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12-20-2011, 02:25 PM   #16
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I'm seeing some great suggestions from everyone but maybe we need to read what he said, he's knew to photography. For a newbie I doubt i'd send them off into manual prime territory unless i knew they were comfortable with the operation of the camera. As I said the Kit lens is capable of decent images so it's a good place to learn. If i was going to recommend a prime I'd stick to AF for the time being letting him focus on technique. So inexpensive good DA35 2.4 which is also a long normal
If you can find one at a decent price an f28 2.8 is an almost perfect normal length, if not there is the sigma 28 f1.8 which is a good fast (but more pricey) normal. for portraits if you can find a f50 f1.7 at $200 or so it's excellent (if a little plastic) or an FA 50 1.4 (used about 275 new about 400) both are good short portrait lenses
More ideal as a portrait length lens is the DA*55 but it's bigger bucks too.

If you go the manual focus route consider A series lenses as they meter properly and can be fully controlled and leave all camera functions intact meaning you only need to learn focusing and not a pile of other stuff. the A 50 f2.0 is a vastly underrated lens and available much more reasonably than many other A lenses



QuoteOriginally posted by Irish Pride Quote
I have always been fasinated by photography but i am just now starting to jump into it. I have a K-r and am slowly seeing how crappy the kit lenses are. My question is what is the #1 lens i should have invested in first and why?

I know there is no perfect answer so i am really looking for personal opinions here.

-Chad


12-20-2011, 02:37 PM   #17
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Everyone has suggestions based on their own experiences. Here are mine:

* The most cost-effective place to start is with the two-lens kit: DA18-55 and DA55-300. These are a real deal, with good performance for the price.
* The simplest place to start is with an old DA18-250 or its Tamron twin, and the FA50/1.4: an all-in-one for good light, and a low-light + action lens.
* The most instructive (and cheapest) way to start are with a few M-series primes: 28/2.8, 50/1.7, 135/3.5. These will teach you the fundamentals.

Both the 18-55 plus 55-300, and the 18-250, are great to help you determine later needs. Shoot them a lot (it's free!) then run software to see what focal lengths you tend to use. This can help you decide on 'better' and faster lenses. And then you can ask yourself: "What do I want to do that I can't do with what I have?" The answer may lead you to ultrawide or macro or fisheye or ultra-tele or other lenses.

I personally don't like the 18-55 plus 55-300 kit because I shoot a lot between 35-70mm and I hate swapping lenses around 55mm. But as I said, they're cost-effective. I do sometimes use a similar kit, supplemented with a cheap old F35-70, very agile and sharp and cheap. Did I mention cheap? It is, and it's also the smallest zoom Pentax ever built.

I could recommend much more, but I'd better not. Kill me now!
12-20-2011, 02:54 PM   #18
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when i read the title, not knowing your interest of course, the first that came to mind for me was the SMC M-50/1.7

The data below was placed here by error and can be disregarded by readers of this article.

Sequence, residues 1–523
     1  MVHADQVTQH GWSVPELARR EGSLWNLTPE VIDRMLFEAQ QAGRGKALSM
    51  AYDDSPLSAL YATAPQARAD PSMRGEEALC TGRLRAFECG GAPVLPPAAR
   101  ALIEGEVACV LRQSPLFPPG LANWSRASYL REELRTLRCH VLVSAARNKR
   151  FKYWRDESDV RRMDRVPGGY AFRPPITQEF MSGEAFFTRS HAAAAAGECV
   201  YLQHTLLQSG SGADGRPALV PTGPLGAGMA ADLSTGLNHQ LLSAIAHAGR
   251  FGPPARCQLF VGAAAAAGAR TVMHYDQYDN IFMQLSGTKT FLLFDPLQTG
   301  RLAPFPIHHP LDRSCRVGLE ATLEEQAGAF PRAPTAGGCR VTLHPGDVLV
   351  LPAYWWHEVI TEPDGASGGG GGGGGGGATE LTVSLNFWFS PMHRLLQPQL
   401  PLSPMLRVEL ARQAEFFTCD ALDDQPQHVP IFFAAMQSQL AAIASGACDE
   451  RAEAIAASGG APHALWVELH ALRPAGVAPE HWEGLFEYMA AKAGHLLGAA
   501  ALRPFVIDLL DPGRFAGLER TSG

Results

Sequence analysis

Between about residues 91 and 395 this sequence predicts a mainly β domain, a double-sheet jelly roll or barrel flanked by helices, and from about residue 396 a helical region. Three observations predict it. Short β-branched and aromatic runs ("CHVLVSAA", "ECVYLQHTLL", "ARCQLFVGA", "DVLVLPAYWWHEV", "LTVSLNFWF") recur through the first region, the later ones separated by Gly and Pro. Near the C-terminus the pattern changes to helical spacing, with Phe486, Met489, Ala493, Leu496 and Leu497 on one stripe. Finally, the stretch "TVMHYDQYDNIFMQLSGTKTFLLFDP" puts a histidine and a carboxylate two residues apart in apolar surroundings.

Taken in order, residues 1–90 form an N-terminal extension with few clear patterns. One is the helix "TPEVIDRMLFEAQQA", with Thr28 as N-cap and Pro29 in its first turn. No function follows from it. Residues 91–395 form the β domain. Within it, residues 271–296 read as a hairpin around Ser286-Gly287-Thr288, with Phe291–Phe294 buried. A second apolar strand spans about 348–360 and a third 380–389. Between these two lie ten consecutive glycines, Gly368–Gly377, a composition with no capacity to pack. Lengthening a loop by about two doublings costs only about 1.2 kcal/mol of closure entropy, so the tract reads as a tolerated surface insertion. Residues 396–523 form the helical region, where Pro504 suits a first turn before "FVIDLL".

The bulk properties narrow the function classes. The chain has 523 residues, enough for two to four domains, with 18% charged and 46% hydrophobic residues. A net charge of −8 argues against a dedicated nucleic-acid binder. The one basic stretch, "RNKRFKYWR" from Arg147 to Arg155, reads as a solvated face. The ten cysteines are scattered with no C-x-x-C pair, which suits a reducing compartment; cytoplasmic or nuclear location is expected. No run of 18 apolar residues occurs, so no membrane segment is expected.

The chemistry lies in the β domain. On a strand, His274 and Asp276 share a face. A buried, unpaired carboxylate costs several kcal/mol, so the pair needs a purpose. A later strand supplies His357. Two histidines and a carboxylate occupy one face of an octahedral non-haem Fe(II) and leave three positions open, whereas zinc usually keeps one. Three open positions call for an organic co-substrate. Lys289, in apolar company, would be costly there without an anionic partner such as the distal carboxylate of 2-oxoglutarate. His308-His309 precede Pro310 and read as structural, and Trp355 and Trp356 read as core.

It was my first lens beyond the kit lens and what an amazing introduction to learning exposure and getting great results with fast glass. The green button makes it simple, of course, but the A-version is certainly a good option at a higher price point. Man, once i started shooting with that fast 50, i was hooked on fast primes.

If you just want a good replacement to the kit lens, the DA 16-45 is a good contender and not terribly expensive...i shouldn't say i bought mine for $100, that was a screamin' deal.
YMMV
12-20-2011, 03:05 PM   #19
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QuoteOriginally posted by eddie1960 Quote
I'm seeing some great suggestions from everyone but maybe we need to read what he said, he's knew to photography.
Always good to check what the OP said in a rapidly lengthening thread. As it happens, I read his welcome thread so I know he already has two more recent lens purchases, including a 50 1.4 (which one he didn't say). At the start of the thread we're in now, he said "what is the #1 lens i should have invested in first and why?" Note "should have", not "should". Which is why I gave the answer I did -- buying the kit lenses is a good choice for any newcomer.

12-20-2011, 03:11 PM   #20
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The 18-55 kit lens is quite a good little lens. I've never gotten a bad shot from it. If you're getting crappy photos from it, it's not the lens unless you just have a really bad copy. I don't have experience with the other Pentax "kit" lenses, but from what I hear, they're solid performers as well.

Here's one I took with the 18-55:

http://img853.imageshack.us/img853/6998/imgp75991.jpg

And a couple smaller examples:







Since you're new, I'd suggest to refine your camera skills and once you get them honed a bit better, you'll have a better idea of what you're looking for in a lens. Good luck & have fun! - Bobbo :-)
12-20-2011, 03:22 PM   #21
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Depending on your tast for either wide-anle or short tele.

I think that DA*50-135mm/f2.8 would be your absolutely best lens for years to come.

If your tast is shorter then DA40mm/f2.8 Ltd. would be the great lens for many occasions.
12-20-2011, 03:38 PM   #22
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QuoteOriginally posted by SpecialK Quote
The Pentax 12-24 is a nice ultrawide.
The Tamron 28-75 would make a nice complement to that, but I find it is not wide enough to be a single lens option.
A 17-70 may make a good casual single-lens, i.e., "walk-around" option.
The Pentax 55-300 is a decent and reasonably-priced performer though not particularly fast. A Sigma or Tamron 70-200 has better IQ and speed, at 2-3X the cost.
The 10-17 fisheye can be fun and creative.
Never bonded with the 50/f1.4 though many swear by it.